Big-league injuries are hitting little athletes

A 14-year-old gymnast with a stress fracture in her lower back. A 12-year-old who tore his ACL in a soccer game. A 16-year-old runner with a leg stress fracture. A 15-year-old who tore his meniscus playing basketball.

A single morning's patients for Harvard's Dr. Mininder Kocher provides a window into a troubling trend: Injuries once seen mostly in adult athletes are increasingly common in youth – not just in high school, but in Little League and Pee Wee Football.

These aren't simple injuries. In the past decade, “Tommy John” surgeries to repair elbows blown out playing baseball – an operation named for a professional pitcher – have almost tripled among adolescents at a high-profile Alabama clinic, a meeting of sports medicine specialists will be told by researchers this week.

Worse, some injuries don't have good treatments for young patients. The surgery that fixed the torn ACL in Tiger Woods' knee, for instance, can thwart the growth of a young child's leg.

Kocher, an orthopedic surgeon at Children's Hospital Boston, is about to begin a government-funded study to figure out the best treatment for children who tear that anterior cruciate ligament while growth plates around the knee still are active.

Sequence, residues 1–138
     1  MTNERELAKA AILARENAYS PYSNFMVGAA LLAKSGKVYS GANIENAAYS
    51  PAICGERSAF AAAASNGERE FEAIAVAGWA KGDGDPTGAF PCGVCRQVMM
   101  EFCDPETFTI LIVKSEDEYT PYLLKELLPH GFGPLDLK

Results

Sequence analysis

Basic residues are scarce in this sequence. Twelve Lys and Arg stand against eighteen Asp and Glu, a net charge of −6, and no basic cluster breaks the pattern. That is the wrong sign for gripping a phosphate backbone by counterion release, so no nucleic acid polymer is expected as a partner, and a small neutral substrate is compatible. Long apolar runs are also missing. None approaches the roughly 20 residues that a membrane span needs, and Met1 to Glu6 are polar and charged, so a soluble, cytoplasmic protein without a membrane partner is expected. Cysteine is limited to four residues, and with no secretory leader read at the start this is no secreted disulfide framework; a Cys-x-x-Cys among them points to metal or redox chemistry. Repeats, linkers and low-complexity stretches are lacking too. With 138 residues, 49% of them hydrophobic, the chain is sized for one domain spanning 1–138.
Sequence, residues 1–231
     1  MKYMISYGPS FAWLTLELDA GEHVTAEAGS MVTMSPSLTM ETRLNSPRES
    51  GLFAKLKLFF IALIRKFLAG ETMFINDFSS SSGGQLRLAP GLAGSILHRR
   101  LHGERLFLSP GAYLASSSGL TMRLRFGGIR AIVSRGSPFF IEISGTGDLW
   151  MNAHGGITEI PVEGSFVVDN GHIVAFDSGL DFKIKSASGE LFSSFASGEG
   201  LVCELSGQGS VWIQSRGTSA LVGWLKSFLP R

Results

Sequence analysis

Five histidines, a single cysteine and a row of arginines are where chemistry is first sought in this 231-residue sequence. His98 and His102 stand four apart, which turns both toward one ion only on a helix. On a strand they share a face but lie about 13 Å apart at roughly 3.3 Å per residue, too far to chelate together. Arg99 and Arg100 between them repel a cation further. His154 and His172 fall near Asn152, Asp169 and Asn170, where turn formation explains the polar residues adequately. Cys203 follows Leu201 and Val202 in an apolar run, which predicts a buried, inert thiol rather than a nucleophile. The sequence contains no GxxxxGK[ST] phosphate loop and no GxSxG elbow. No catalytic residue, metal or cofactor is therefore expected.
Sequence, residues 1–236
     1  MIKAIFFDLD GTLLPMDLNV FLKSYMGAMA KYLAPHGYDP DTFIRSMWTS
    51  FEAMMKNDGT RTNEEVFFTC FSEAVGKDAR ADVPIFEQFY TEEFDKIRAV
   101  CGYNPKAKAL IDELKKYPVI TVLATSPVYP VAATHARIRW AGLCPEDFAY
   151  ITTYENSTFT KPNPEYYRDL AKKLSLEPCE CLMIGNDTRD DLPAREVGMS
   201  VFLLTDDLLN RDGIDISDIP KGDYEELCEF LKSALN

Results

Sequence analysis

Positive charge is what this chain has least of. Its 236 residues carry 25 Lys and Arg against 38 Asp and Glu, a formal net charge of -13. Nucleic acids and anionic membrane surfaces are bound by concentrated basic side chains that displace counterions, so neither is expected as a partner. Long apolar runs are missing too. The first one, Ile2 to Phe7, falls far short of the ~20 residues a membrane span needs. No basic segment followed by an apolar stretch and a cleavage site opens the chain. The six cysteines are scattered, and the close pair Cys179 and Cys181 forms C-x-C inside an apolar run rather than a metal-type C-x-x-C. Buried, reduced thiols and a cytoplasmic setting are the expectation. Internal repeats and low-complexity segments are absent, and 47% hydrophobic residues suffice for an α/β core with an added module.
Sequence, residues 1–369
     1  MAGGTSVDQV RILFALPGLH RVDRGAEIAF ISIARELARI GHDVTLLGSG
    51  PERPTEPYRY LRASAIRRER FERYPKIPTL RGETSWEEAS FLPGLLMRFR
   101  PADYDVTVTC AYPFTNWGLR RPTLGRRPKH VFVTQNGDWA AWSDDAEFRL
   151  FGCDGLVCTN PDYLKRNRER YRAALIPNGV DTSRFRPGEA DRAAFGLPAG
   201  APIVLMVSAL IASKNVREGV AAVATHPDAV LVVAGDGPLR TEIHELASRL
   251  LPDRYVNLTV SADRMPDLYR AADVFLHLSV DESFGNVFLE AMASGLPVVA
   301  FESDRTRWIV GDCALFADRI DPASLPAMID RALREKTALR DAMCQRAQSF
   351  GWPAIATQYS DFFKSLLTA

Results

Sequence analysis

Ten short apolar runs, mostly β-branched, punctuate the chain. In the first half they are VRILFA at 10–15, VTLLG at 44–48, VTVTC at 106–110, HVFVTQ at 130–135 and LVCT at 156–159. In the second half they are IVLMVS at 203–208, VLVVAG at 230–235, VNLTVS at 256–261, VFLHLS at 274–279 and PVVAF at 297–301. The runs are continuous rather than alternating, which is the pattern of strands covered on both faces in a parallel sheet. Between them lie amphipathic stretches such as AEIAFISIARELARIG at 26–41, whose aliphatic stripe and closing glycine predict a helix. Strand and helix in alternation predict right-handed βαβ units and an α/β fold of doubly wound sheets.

But no matter how well certain injuries heal for now, Kocher worries about the long-term consequences for little joints.

“I wonder what these kids are going to be like 20 to 30 years down the road,” he says. “Will we have a whole generation of middle-aged adults with early arthritis?”

Why the sudden influx? Orthopedic surgeons say that today's youth sports are more intense, with players often picking just one to specialize in as young as 8. And they can play and train in some sports virtually year-round – with a school team, recreation league, travel league, summer camp.

“Youth athletes are not the same as small adults,” says Dr. E. Lyle Cain Jr. of the Andrews Sports Medicine & Orthopaedic Center in Birmingham, Ala. Certain types of injuries “can cause permanent damage that affect their future growth.”

More than 3.5 million children 14 and under receive medical treatment for sports-related injuries each year. Along with the typical sprains and strains are a lot of overuse injuries – stress fractures, tendonitis and cartilage damage.